“Probably build run-in around it to protect from wind and extreme winters like this one.”
Unexplored Benefit of Automatic Waterers – Labor Savings
We did not have a survey question exploring the amount of labor saved by replacing water troughs with automatic waterers, but nevertheless many of our readers remarked that they felt that the labor savings is substantial.
“You might add inquiries regarding the time savings and task eliminating that people experience who have automatic waterers. Notwithstanding that this winter was brutal, and not withstanding the large expense in maintaining my Nelsons, I wouldn’t trade my waterers for the opportunity to hammer ice and refilling several times a day on really cold days.”
“I can only say that the boys never hesitated to use them and I never had to lift one bucket of water!! SO HAPPY!!”
And the winners are…
NELSONS – 60% of Readers Surveyed
Nelsons are used by 60% of our readers surveyed. Now, we cannot tell you if Nelsons are the most widely used because they are the best, or if they are the most widely used because they had the best marketing. But what we CAN tell you is that 97% of our readers surveyed would recommend Nelsons or install them again. Readers uniformly agree that Nelsons are best left to a professional to install. However, for maintenance, it is about evenly split between a very handy farm person or a professional. And while a very small minority hate Nelsons, those that hate them, really hate them.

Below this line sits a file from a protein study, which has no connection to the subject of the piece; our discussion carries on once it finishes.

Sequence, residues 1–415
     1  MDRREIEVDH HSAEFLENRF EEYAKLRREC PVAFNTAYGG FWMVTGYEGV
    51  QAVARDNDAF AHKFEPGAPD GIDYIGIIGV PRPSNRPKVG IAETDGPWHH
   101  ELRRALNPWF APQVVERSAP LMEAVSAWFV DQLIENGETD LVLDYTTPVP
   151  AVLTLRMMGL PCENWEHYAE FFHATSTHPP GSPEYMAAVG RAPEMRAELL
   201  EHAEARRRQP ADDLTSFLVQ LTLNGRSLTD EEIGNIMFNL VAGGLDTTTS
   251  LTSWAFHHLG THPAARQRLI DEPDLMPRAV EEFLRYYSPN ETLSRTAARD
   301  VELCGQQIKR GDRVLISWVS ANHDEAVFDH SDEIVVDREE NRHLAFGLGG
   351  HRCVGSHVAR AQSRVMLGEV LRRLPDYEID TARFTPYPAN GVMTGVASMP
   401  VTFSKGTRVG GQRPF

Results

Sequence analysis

Equiery Readers & Clients Speak Out!
“Get the MiraFounts…they are absolutely the best…virtually maintenance free and no electricity needed. Have used them at Oatland since 1994 and now the ranch I’m on in Mississippi has them installed in the pastures. Do not get Ritchies or Nelsons for fields!”
– Chrissy Keys Heard, former owner, Oatland, boarding/lessons
“My girlfriend got the Nelsons last year and she loves them. We have troughs, but I am thinking of getting one in the Thoroughbred field, which is lower than our other one. The reason is when trudging down that hill to turn on the hydrant, there is usually ice or that hydrant may actually freeze. This would eliminate the danger to me on foot and as the waterer is dug deeper, it should not freeze either. Cost though with plumbing is a little high. I was quoted about $3800 last year for the works: one waterer installed with the electric hookup and water hookup and cement fitting. It is probably overall a good thing.”